The case that tests the Supreme Court’s limits on church and state

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If a state pays for the secular education of a student, should it also pay for the religious education of students? This is the question asked in Carson vs. Makin, a case currently before the Supreme Court.

Maine, with a large acreage and a small student population, pays for students to attend private and secular schools in districts that do not have a public high school. Now, some religious schools are demanding taxpayer money for their students, regardless of the provision in the Maine constitution that prohibits public funding of religious education.

Both parties recognize the fundamental legal principle that government must be “neutral” (Thomas Jefferson used the term “impartial”) vis-à-vis different religions or between religion and no religion. The question is how to apply this principle.

Maine maintains that it is prepared to pay for all schools offering the same education as in public schools, secular education with a prohibited curriculum. The state is “neutral” as to who it pays for such secular education, but it is not obligated to extend shopping with taxpayer dollars to an essentially different commodity, religious education.

After all, if an “education” qualifies, a student might argue that the state should pay for her sports car, which provides her with some kind of education. Or that he should be paid to learn exotic dance or massage. If a state, in the name of neutrality, must expand its purchases beyond a specified secular education to include religious education, does this mean that it must provide other forms of “education” ? And will court conservatives, who demand deference to states when it suits them, ignore Maine’s interest in its constitutional demand to ban funding for religion?

But there is a second problem, arguably even more important behind this case: if a law is found to be neutral, does that isolate it from a challenge under the First Amendment?

Laws in Maine, for example, prohibit schools that receive public funds from discriminating on the basis of religion or sexual orientation. If private religious schools ask for public funds in the name of neutrality, will they be bound by these neutral demands? Can they fire LGBTQ teachers? Can they require teachers to profess their particular religion?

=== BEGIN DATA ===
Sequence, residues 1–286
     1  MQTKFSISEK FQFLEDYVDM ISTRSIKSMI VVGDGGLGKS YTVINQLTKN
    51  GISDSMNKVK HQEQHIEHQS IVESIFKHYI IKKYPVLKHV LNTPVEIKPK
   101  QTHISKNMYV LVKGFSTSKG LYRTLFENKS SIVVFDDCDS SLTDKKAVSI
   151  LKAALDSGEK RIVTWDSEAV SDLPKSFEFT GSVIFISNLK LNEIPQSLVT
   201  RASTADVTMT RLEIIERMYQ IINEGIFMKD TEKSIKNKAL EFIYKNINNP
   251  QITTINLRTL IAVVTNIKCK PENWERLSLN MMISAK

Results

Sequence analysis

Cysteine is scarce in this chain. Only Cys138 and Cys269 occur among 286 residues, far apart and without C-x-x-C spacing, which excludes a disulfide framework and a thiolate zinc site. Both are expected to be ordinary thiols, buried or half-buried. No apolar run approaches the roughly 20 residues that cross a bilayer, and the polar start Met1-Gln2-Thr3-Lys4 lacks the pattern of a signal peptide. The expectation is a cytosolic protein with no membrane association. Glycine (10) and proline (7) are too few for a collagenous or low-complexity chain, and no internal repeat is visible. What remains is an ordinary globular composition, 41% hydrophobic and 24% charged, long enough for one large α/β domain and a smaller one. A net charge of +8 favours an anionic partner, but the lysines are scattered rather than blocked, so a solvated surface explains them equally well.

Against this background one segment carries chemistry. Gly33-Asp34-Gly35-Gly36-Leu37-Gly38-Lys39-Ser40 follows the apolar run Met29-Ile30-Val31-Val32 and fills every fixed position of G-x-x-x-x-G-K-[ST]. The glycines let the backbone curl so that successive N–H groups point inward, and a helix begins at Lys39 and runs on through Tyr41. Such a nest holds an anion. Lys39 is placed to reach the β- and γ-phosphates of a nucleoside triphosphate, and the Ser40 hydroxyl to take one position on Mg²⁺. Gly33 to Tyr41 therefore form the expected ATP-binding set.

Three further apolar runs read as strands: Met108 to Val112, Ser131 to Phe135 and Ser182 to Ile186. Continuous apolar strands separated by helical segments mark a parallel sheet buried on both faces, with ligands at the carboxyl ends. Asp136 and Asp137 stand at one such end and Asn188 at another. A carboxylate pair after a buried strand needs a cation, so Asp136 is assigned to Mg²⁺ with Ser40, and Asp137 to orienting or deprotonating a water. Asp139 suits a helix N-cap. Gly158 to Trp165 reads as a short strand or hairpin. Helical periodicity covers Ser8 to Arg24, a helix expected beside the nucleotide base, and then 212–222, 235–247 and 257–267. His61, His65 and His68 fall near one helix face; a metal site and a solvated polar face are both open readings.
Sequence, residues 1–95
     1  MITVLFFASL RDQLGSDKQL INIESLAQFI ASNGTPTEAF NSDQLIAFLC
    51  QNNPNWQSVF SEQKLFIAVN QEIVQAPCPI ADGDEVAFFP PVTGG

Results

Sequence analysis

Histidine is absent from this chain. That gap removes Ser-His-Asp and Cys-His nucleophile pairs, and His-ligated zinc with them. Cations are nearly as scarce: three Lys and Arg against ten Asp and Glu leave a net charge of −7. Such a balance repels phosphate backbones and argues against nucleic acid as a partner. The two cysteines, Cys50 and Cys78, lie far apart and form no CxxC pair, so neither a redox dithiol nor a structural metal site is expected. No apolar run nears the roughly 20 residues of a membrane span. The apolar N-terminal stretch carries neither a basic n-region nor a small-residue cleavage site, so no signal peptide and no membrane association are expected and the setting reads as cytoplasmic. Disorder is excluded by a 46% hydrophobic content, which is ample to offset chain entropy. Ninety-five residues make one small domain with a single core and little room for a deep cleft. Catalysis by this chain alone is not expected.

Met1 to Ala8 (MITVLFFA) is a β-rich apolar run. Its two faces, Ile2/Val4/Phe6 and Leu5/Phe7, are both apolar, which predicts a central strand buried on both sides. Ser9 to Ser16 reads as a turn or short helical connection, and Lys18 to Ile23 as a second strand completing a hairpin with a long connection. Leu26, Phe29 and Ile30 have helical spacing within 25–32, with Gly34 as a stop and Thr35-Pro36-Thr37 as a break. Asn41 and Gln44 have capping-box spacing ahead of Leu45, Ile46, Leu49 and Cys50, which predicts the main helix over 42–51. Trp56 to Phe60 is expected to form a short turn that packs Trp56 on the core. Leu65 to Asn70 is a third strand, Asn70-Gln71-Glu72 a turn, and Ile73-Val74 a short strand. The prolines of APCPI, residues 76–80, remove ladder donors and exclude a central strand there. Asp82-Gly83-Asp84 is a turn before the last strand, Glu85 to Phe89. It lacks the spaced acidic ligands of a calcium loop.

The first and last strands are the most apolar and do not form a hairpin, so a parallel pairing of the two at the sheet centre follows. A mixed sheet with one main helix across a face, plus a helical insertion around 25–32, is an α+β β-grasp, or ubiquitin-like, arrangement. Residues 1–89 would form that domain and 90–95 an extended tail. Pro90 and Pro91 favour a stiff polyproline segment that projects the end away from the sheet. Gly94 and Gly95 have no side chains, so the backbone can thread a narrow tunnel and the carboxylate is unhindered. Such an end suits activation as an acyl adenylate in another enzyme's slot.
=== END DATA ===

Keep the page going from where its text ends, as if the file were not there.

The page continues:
In a number of cases, the Conservatives at the Supreme Court have tried to break down the separation wall protected by the principle of neutrality. For example, if neutral laws prohibit discrimination based on race and sexual orientation, can a private company demand an exemption on religious grounds? Can a bakery refuse to bake a cake for a gay couple? Can a wedding venue refuse to rent to a biracial couple? Can a registrar refuse to issue marriage licenses to a Judeo-Christian couple? (While recent cases focus on anti-LGBTQ discrimination, the same principle is at play in racial and religious discrimination.) This would imply not neutrality, but a preference for religion.

Jefferson made it clear that if a law is neutral or impartial, no one is entitled to a religious freedom exemption. He used the example of a ban on slaughtering lambs during a war (to encourage the production of wool and meat). If the government prohibited the slaughter of lambs for religious ceremonies (but not for other purposes) or prohibited Jews from slaughtering lambs, these would not be neutral regulations; at first glance, they violate the First Amendment, but there is no constitutional right to religious exemption from neutral law.

Laws should be neutral and generally aimed at an “object of civil government”, to use Jefferson’s term, “acts against peace and good order.” But once they do – and anti-discrimination laws come firmly within the bounds of legitimate government regulation – no one can claim a religious exemption based on personal beliefs. “Such a system would court anarchy”, Judge Scalia Explain in the case of control.

Jefferson viewed neutrality as a way to protect religious freedom as well as religion and government against the corruption of mixing church and state. Eighteenth-century evangelicals agreed. If the court demands that Maine fund religious education, will it apply the principle consistently and reject challenges to anti-discrimination laws?

John A. Ragosta, Ph.D., JD, (@johnragosta) is a fellow of Virginia Humanities and author of “Religious Freedom: Jefferson’s Legacy, America’s Creed”.


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